We may never know how close the likeness is. That’s OK. Hopefully it will cause some viewers to reflect on how we perceive long passages of time. To think about their own origins. Perhaps even to ponder the now debunked concept of “race” that my generation was encouraged to believe: obsolete concepts that were finally ground to bits by the human genome project.


The completed sculpture

CBF: How do exhibits like this move the culture forward?

This exhibit is at a nexus between art, natural science, education and entertainment. So it’s appealing on different levels to a variety of people. For example, a history buff can leave the exhibit knowing something about how a sculpture like this is made. Hopefully it encourages people to think. Also, these archeologists and museum officials are looking to the future. They want new generations to keep blasting away at questions that have preoccupied mankind from the beginning

You can see the Windover Woman at the Brevard Museum of History & Natural Science located at 2201 Michigan Ave, Cocoa, FL 32926. They’re open Wednesday – Saturday 10:00am-5:00pm, year round.  Call 321-632-1830 for more information.

The Museum of Florida History Re-opens

graybuilding copy

We’re so happy to announce that the Museum of Florida History re-opened this morning after being closed for seven months as part of the renovation project on the plaza level of the R. A. Gray Building. With the reopening of the Museum comes the completion of a fascinating new permanent exhibit, Forever Changed: La Florida, 1513–1821. Phase 1 of the Forever Changed exhibit opened in 2012 and featured the time period 1513–1565. The new exhibit explores a dynamic period in history—from the meeting and interaction of native and European cultures to Florida’s adoption as a United States territory.

Be sure to stop by the Museum when you’re in Tallahassee, and check out the Museum of Florida History webpage!

Team Member Tuesday: Mary Kay Keller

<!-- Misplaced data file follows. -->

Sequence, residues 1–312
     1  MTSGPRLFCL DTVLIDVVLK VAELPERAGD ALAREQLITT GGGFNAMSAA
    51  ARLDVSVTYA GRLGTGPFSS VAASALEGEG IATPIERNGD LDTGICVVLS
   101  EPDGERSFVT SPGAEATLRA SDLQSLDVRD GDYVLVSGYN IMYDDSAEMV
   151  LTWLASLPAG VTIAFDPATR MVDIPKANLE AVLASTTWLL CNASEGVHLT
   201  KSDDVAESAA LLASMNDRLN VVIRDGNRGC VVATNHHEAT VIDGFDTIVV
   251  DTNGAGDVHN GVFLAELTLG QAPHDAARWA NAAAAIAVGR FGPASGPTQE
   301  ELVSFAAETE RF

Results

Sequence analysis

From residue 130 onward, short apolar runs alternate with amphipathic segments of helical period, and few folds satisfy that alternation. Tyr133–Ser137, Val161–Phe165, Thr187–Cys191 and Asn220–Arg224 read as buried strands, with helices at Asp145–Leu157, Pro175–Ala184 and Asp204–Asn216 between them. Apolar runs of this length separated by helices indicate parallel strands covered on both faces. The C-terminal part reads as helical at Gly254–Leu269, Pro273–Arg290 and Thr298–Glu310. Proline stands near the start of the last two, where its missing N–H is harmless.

Today we’re featuring our part-time team member, Mary Kay!

Name: Dr. Mary Kay Keller

Position: Grants Specialist

How long have you been with the Division? 14 months

So what exactly do you DO? Review and process cultural sponsoring organization applications; annual endowment and cultural facilities reports. Monitor grant reporting compliance. Support program staff in grant application fatal criteria reviews and reports as requested.

What’s your favorite part of your job? Solving issues: Working with our grantees to provide technical and educational support of issues involving compliance and reporting requirement technicalities. Continue reading

Team Member Tuesday: Hillary Crawford

This Team Member Tuesday, let’s meet someone who just couldn’t stay away!Hillary

Name: Hillary Crawford

Position: Arts Consultant

How long have you been with the Division?

I started working for the Division in July of 2015. Previously I worked for the Division from January 1999 to October 2002 in various capacities.

So what exactly do you DO?

As a program manager, I assist grantees in the media arts, multidisciplinary, and presenter categories of the Discipline-Based arts grants. I see the grantees through the entire life of their grant, from their application and eligibility, to the panel process, and then with managing their awards throughout the year until the final report.  I also assist with the installation of art for the Capitol Complex Exhibition program and am beginning to work with Fellowships, Endowments, and Art in State Buildings. Continue reading

Team Member Tuesday: Patty Warren

It’s Team Member Tuesday again!  This week we’re talking with Patty Warren.

Keep your eyes peeled, by the way, for new NON-Team Member stories coming soon!

Name: Patty Warren       Patty

Position: Operations Management Consultant II

How long have you been with the Division? 10 years

So what exactly do you DO? I manage the Division’s budget, prepare all annual documents for the Legislative Budget Request, oversee the grant payment process and manage the National Endowment for the Arts State Partnership Award while supervising assigned staff. Continue reading